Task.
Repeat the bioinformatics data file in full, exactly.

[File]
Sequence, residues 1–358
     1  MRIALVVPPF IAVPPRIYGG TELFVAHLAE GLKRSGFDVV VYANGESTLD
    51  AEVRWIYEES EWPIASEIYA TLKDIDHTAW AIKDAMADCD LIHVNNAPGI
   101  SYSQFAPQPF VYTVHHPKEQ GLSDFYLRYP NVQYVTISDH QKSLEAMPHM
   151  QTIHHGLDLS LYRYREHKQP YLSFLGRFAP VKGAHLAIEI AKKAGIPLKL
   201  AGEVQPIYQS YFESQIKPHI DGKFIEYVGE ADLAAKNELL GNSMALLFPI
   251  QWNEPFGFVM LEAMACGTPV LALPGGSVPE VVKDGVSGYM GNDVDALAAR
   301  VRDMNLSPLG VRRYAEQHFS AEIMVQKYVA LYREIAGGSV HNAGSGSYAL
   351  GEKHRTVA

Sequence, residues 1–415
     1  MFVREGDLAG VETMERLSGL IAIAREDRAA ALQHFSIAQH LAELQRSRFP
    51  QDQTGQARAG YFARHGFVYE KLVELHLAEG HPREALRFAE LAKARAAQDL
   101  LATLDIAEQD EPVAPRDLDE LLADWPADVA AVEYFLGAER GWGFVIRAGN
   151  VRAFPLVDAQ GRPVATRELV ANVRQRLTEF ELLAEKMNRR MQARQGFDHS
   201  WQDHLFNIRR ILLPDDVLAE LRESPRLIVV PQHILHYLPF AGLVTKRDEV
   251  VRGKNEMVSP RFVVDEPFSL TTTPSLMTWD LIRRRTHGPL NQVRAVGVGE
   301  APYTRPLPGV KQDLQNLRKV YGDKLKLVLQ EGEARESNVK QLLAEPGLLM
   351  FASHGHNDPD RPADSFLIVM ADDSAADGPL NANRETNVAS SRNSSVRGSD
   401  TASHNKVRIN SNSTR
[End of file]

Sequence, residues 1–358
     1  MRIALVVPPF IAVPPRIYGG TELFVAHLAE GLKRSGFDVV VYANGESTLD
    51  AEVRWIYEES EWPIASEIYA TLKDIDHTAW AIKDAMADCD LIHVNNAPGI
   101  SYSQFAPQPF VYTVHHPKEQ GLSDFYLRYP NVQYVTISDH QKSLEAMPHM
   151  QTIHHGLDLS LYRYREHKQP YLSFLGRFAP VKGAHLAIEI AKKAGIPLKL
   201  AGEVQPIYQS YFESQIKPHI DGKFIEYVGE ADLAAKNELL GNSMALLFPI
   251  QWNEPFGFVM LEAMACGTPV LALPGGSVPE VVKDGVSGYM GNDVDALAAR
   301  VRDMNLSPLG VRRYAEQHFS AEIMVQKYVA LYREIAGGSV HNAGSGSYAL
   351  GEKHRTVA

Sequence, residues 1–415
     1  MFVREGDLAG VETMERLSGL IAIAREDRAA ALQHFSIAQH LAELQRSRFP
    51  QDQTGQARAG YFARHGFVYE KLVELHLAEG HPREALRFAE LAKARAAQDL
   101  LATLDIAEQD EPVAPRDLDE LLADWPADVA AVEYFLGAER GWGFVIRAGN
   151  VRAFPLVDAQ GRPVATRELV ANVRQRLTEF ELLAEKMNRR MQARQGFDHS
   201  WQDHLFNIRR ILLPDDVLAE LRESPRLIVV PQHILHYLPF AGLVTKRDEV
   251  VRGKNEMVSP RFVVDEPFSL TTTPSLMTWD LIRRRTHGPL NQVRAVGVGE
   301  APYTRPLPGV KQDLQNLRKV YGDKLKLVLQ EGEARESNVK QLLAEPGLLM
   351  FASHGHNDPD RPADSFLIVM ADDSAADGPL NANRETNVAS SRNSSVRGSD
   401  TASHNKVRIN SNSTR